Wed, 21 Sep 2016 23:24:00 -0400
(image) What can we learn from the fact that a half-dozen Muslim terrorists on American soil had gotten onto the radar screen of U.S. law enforcement before committing their foul deeds? One lesson, as Scott Shackford has observed in these pages, is that the seeming detection failures of targeted investigations render absurd all the time wasted on dumb, constitutionally questionable mass surveillance. But that still leaves the Monday-morning quarterback questions of did the FBI blow it, and what could law enforcement do differently?
We chew on these subjects and more on tonight's Red Eye w/ Tom Shillue at 3 a.m. on Fox News, where I will be panelizing along with comedians Alli Breen and Sam Roberts, and Fox News contributor Pete Hegseth. Other topics include whether Jack Shafer is an American hero or anti-hysteria hysteric (or both), and whether this barftastic Joss Whedon celebrity vote-against-Trump ad will turn us all into alt-righties sooner rather than later.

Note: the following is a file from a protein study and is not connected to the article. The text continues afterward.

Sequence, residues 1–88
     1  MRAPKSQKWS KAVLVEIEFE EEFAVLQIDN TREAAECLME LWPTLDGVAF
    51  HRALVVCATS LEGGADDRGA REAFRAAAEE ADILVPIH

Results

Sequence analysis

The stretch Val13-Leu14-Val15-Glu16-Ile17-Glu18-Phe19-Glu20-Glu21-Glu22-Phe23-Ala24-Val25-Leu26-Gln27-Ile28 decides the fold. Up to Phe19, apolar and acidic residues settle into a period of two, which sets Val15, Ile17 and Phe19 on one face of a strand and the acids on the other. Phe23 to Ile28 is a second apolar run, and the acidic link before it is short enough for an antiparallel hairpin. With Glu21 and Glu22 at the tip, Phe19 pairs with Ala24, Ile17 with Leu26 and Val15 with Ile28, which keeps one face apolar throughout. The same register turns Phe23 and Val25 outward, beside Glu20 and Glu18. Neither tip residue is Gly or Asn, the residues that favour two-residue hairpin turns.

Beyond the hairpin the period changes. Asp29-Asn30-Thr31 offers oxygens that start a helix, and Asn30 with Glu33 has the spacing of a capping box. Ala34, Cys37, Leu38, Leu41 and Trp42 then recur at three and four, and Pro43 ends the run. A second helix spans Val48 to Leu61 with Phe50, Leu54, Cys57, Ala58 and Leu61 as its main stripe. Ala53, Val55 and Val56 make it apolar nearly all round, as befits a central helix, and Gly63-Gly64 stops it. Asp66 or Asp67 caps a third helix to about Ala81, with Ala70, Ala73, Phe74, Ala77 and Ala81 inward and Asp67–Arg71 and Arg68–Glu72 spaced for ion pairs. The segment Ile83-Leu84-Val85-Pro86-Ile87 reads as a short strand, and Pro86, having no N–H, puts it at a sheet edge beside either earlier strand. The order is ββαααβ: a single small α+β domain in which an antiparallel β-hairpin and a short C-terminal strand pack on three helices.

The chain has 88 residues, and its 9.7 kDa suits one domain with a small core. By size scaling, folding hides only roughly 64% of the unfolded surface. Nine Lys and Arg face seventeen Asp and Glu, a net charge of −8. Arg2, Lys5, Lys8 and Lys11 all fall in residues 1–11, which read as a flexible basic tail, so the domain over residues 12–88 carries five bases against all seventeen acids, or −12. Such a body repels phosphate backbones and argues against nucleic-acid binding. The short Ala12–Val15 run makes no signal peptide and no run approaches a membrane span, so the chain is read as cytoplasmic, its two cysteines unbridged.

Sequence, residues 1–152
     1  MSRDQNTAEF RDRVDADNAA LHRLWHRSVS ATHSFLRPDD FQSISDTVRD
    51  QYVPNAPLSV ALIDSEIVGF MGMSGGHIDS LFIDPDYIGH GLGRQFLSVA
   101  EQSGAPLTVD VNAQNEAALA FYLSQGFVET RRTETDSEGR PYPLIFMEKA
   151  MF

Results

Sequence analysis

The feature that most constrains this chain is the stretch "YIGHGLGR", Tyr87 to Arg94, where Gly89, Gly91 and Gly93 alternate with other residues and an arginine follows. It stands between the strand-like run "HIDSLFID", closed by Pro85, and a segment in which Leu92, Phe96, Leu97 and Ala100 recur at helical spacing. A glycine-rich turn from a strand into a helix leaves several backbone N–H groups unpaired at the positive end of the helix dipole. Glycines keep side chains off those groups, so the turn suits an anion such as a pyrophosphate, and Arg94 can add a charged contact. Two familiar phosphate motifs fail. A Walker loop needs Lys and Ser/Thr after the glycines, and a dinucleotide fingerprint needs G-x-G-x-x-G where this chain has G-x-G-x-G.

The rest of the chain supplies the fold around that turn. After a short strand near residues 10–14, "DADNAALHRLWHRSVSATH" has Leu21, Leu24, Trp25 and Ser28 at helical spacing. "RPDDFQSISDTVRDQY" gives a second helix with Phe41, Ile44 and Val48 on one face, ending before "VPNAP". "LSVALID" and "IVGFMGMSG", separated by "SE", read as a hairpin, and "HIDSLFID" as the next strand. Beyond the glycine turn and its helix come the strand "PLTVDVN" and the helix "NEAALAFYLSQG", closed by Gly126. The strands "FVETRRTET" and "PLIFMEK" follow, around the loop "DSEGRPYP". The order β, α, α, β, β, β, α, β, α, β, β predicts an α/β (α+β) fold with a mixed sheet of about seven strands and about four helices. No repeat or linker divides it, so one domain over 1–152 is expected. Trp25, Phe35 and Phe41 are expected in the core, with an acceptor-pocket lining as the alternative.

To whet your late-night appetite, here's the last time I appeared on Red Eye:
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Wed, 21 Sep 2016 13:35:00 -0400
(image) Josh Zepps, host of the (Reason-friendly) podcast WTP_Live, and former (Reason-friendly) host over at HuffPost Live, joins The Fifth Column this week to chew over the smorgasbord of available news, including:
* Tulsa cops shooting and killing the unarmed Terence Crutcher.
* Authorities shooting and not killing Ahmad Rahami, the suspected pressure-cooker bomber of Jersey/Chelsea.
* The media hyperventilating over both of the above.
* Gary Johnson.
* An unsuspecting Kmele Foster being bum-rushed in a red-carpet situation by Denzel Washington. Wait, what?
The latter is actually true—I've seen video evidence—and it kicks off the podcast, which you can listen to in full:
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Here are the places you can download, interact with, recommend to your friends about, write glowing reviews of, and submit your fan-art to The Fifth Column: iTunes, Stitcher, Google Play, wethefifth.com, @wethefifth, and Facebook.